- ASCII Escape Character
- ANSI Escape Codes for Terminal Graphics
- Color Schemes
- Windows Colors
- My Preferred Color Scheme
Terminals traditionally take an input of bytes and display them as white text on a black background. If the input contains specific “control characters,” then the terminal may alter certain display properties of the text, such as the color or font. Old terminals could only display a maximum of 8 colors. However, modern computer screens are capable of displaying 24-bit RGB color, so modern terminals have to implement a mapping of the 8 original colors to RGB values. This mapping can usually be changed according to user-defined color schemes.
ASCII Escape Character
The ANSI ASCII standard represents the escape
ESC character by the decimal number 27 (33 in octal, 1B in hexadecimal). This is one of the control characters (0-31 and 127), not one of the printable characters (32-126).
ASCII code 27 is indeed the character corresponding to the Escape key on a keyboard. However, most shells recognize the Escape key as a control character (usually for a keyboard shortcut) and therefore do not translate the Escape key into any text representation. Thus, each programming language has its own method of representing the escape character within a string:
||Python 3.3+ only:
- For all 3 languages, any place where
1bappears, the capitalized hexadecimal
- Bash supports Unicode characters of the form
\u+ 4 hexadecimal digits) and
\U+ 8 hexadecimal digits), but unlike Python, it allows for leading zeros to be omitted.
- Most major C compilers, including gcc and clang, support the non-standard
\esyntax for the escape character.
- While C generally supports unicode characters of the form
\UXXXXXXXX, it oddly does not support Unicode control characters. From the C18 specification on universal character names:
A universal character name shall not specify a character whose short identifier is less than 00A0 other than 0024 ($), 0040 (@), or 0060 (‘)
ANSI Escape Codes for Terminal Graphics
The ANSI escape code standard, formally adopted as ISO/IEC 6429, defines a series of control sequences. Each control sequence begins with a Control Sequence Inducer (CSI), defined as an escape character followed immediately by a bracket:
ESC[. In particular, a CSI followed by a certain number of “parameter bytes” (ASCII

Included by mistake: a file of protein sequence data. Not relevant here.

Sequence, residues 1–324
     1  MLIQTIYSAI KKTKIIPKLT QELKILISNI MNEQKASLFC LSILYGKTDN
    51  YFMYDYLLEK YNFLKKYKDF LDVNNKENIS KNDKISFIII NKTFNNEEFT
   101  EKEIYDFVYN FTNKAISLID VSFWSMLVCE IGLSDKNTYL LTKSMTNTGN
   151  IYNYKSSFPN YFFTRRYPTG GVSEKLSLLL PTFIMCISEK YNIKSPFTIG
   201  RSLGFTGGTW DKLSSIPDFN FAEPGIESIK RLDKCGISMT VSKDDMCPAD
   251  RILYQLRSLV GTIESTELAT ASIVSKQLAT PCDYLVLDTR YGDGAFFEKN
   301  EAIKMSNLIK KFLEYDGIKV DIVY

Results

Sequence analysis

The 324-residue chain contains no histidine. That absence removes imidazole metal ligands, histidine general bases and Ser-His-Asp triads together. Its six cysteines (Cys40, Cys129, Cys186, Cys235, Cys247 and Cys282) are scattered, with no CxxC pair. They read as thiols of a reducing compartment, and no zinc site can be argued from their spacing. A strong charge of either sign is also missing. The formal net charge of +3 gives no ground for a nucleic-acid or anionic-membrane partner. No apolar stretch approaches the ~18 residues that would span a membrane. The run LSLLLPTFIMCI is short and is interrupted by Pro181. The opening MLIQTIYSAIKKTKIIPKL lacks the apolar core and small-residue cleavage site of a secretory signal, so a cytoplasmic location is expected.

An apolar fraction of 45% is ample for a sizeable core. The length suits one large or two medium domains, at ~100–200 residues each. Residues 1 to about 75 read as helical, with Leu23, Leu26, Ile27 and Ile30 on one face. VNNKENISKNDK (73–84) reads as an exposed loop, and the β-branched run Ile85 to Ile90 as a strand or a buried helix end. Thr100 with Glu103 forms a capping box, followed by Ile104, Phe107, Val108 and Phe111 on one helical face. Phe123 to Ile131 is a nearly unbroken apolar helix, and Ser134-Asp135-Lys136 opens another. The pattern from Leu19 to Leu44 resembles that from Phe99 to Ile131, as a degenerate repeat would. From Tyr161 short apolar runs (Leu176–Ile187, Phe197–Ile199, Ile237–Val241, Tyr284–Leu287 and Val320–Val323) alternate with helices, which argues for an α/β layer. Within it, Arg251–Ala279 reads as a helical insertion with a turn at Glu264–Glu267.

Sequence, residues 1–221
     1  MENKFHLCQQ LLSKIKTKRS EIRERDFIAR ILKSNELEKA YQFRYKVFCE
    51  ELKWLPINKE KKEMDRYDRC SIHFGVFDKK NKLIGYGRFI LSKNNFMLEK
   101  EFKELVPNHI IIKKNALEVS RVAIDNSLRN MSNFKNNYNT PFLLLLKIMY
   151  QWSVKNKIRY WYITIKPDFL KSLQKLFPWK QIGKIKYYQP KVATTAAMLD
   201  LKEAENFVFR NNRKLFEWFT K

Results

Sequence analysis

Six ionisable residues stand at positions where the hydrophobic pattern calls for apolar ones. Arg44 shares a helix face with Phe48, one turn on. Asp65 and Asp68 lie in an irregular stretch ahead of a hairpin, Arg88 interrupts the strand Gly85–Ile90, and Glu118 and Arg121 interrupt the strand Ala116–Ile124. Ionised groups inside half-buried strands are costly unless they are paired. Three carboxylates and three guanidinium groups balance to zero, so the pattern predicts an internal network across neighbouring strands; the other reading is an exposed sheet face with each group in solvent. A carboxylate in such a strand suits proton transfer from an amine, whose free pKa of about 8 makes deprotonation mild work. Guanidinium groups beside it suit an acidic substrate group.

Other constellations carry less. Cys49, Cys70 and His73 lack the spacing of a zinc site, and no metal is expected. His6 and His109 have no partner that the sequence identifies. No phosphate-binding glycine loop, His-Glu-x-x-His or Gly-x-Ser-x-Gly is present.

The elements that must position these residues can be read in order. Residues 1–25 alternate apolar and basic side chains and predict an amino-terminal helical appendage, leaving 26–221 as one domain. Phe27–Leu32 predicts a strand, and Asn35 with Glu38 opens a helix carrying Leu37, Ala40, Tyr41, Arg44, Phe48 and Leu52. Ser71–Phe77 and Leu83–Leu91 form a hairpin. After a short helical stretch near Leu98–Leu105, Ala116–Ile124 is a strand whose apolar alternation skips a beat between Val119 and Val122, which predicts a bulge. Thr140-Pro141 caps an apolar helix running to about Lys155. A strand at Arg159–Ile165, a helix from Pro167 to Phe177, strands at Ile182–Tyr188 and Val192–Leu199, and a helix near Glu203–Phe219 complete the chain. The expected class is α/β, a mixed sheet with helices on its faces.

0–9:;<=>?) then the letter
m forms a control sequence known as a Select Graphic Rendition (SGR). If no parameter bytes are explicitly given, then it is assumed to be
0. SGR parameters can be chained together with a semicolon
; as the delimiter.
Some common SGR parameters are shown below:
||reset all SGR effects to their default|
||bold or increased intensity|
||faint or decreased intensity|
||foreground color (8 colors)|
||foreground color (256 colors, non-standard)|
||foreground color (RGB, non-standard)|
||background color (8 colors)|
||background color (256 colors, non-standard)|
||background color (RGB, non-standard)|
||bright foreground color (non-standard)|
||bright background color (non-standard)|
The 8 actual colors within the ranges (30-37, 40-47, 90-97, 100-107) are defined by the ANSI standard as follows:
We put these pieces together to create a SGR command. Thus,
ESC[1m specifies bold (or bright) text, and
ESC[31m specifies red foreground text. We can chain together parameters; for example,
ESC[32;47m specifies green foreground text on a white background.
The following diagram shows a complete example for rendering the word “text” in red with a single underline.
- For terminals that support bright foreground colors,
ESC[1;3Xmis usually equivalent to
Xis a digit in 0-7). However, the reverse does not seem to hold, at least anecdotally:
ESC[2;9Xmusually does not render the same as
- Not all terminals support every effect.
- Documentation is available for Microsoft Windows Console and Linux.
- Microsoft and the Linux manual pages both refer to SGR as “Set Graphics Rendition,” instead of “Select Graphic Rendition.”
- Colors In Terminal: describes control sequences at a high level and covers 256-color support
- ANSI Escape sequences: easy-to-read chart of control sequences
The role of terminal color schemes is to map the 8 colors to RGB values. Most terminals support an additional 8 colors corresponding to the bold or bright variants of the original colors. The GitHub repo mbadolato/iTerm2-Color-Schemes provides a sampling of common color schemes.
While the 8 standard color names are widely used within ANSI and ISO standards documents as well as the Linux community, Microsoft uses slightly different names and ordering of colors.
Windows Console (Command Prompt)
color sets the default console foreground and background colors, and it can also be used to list out the supported colors with
color /?. The colors are named as follows:
0 = Black 8 = Gray 1 = Blue 9 = Light Blue 2 = Green A = Light Green 3 = Aqua B = Light Aqua 4 = Red C = Light Red 5 = Purple D = Light Purple 6 = Yellow E = Light Yellow 7 = White F = Bright White
Notably, Microsoft renames “cyan” to “aqua” and “magenta” to “purple,” and it names the bold/bright variant of black as “gray.” This ordering is also the ordering of colors that appear in the Windows Console settings.
Windows Terminal (beta)
Windows Terminal now uses the ANSI color names except that it still uses “purple” instead of “magenta.” However, there is an open issue (as of March 28, 2020) where Microsoft seems to be considering “magenta.”
My Preferred Color Scheme
Personally, here is the color scheme that I’ve found to work well for me. It is largely based on Ubuntu’s default terminal color scheme (changes are marked by an asterisk *).
|■ bright black||
|■ bright red||
|■ bright green||
|■ bright yellow||
|■ bright blue*||
|■ bright magenta||
|■ bright cyan||
|■ bright white*||